Earlier Saturday, 41-year-old Australian legend Lauren Jackson turned back the clock with a 30-point performance off the bench in her final game as an Opal, a 95-65 victory over Canada for the bronze. Jackson, who came out of a six-year retirement and played her first major tournament since the 2012 Olympics, had her best scoring performance since the 2008 Olympics.

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IOC looks for ways Russian athletes ‘who do not support war’ could compete as neutrals

Thomas Bach

GENEVA (AP) — Russian athletes who do not endorse their country’s war in Ukraine could be accepted back into international sports, competing under a neutral flag, IOC president Thomas Bach said in an interview published Friday.

“It’s about having athletes with a Russian passport who do not support the war back in competition,” Bach told Italian daily Corriere della Sera, adding, “We have to think about the future.”

Most sports followed IOC advice in February and banned Russian teams and athletes from their events within days of the country’s military invasion of Ukraine.

With Russians starting to miss events that feed into qualifying for the 2024 Paris Olympics, an exile extending into next year could effectively become a wider ban from those Games.

In an interview in Rome, Bach hinted at IOC thinking after recent rounds of calls with Olympic stakeholders asked for views on Russia’s pathway back from pariah status.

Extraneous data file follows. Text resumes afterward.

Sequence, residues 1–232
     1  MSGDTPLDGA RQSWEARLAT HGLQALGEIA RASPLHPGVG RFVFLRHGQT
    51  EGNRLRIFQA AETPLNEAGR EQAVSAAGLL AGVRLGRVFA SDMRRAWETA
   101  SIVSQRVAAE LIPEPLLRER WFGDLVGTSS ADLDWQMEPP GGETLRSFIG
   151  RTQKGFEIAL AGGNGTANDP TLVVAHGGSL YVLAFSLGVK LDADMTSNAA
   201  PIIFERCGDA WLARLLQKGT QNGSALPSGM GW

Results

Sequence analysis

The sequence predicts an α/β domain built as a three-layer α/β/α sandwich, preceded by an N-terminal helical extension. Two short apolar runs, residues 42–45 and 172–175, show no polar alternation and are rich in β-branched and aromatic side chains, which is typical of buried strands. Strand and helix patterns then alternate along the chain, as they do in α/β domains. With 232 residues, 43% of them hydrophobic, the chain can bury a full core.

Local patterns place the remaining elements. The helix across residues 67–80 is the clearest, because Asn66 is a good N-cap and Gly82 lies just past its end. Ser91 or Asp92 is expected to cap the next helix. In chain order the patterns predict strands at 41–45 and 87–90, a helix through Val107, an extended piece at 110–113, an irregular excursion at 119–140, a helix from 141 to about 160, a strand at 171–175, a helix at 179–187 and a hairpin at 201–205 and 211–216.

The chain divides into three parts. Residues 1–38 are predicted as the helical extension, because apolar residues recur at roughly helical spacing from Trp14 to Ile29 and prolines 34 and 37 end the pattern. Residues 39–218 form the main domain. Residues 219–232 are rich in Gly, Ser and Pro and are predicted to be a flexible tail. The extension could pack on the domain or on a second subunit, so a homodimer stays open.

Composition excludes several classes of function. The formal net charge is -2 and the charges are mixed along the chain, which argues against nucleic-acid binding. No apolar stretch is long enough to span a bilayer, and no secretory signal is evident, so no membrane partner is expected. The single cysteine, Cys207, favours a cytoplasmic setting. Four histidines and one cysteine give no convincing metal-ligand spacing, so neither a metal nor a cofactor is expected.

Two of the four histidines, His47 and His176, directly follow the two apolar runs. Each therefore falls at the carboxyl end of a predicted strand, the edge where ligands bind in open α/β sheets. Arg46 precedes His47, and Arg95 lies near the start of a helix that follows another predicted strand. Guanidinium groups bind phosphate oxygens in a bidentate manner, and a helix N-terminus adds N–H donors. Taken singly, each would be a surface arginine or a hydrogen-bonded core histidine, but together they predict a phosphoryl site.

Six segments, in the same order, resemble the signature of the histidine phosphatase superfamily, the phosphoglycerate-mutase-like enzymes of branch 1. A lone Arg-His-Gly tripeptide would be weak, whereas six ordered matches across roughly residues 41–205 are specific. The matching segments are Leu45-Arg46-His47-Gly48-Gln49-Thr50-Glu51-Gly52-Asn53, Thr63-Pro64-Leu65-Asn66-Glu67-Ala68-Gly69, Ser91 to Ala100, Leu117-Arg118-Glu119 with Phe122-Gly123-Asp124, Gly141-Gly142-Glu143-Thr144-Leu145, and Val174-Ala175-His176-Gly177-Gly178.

“To be clear, it is not about necessarily having Russia back,” he said. “On the other hand — and here comes our dilemma — this war has not been started by the Russian athletes.”

Bach did not suggest how athletes could express opposition to the war when dissent and criticism of the Russian military risks jail sentences of several years.

Some Russian athletes publicly supported the war in March and are serving bans imposed by their sport’s governing body.

Olympic gold medalist swimmer Yevgeny Rylov appeared at a pro-war rally attended by Vladimir Putin in Moscow. Gymnast Ivan Kuliak displayed a pro-military “Z” symbol on his uniform at an international event.

Russian former international athletes are being called up for military service in the current mobilization, according to media reports. They include former heavyweight boxing champion Nikolai Valuev and soccer player Diniyar Bilyaletdinov.

Russians have continued to compete during the war as individuals in tennis and cycling, without national symbols such as flags and anthems, even when teams have been banned.

Bach told Corriere della Sera it was the IOC’s mission to be politically neutral and “to have the Olympic Games, and to have sport in general, as something that still unifies people and humanity.”

“For all these reasons, we are in a real dilemma at this moment with regard to the Russian invasion in Ukraine,” he suggested. “We also have to see, and to study, to monitor, how and when we can come back to accomplish our mission to have everybody back again, under which format whatsoever.”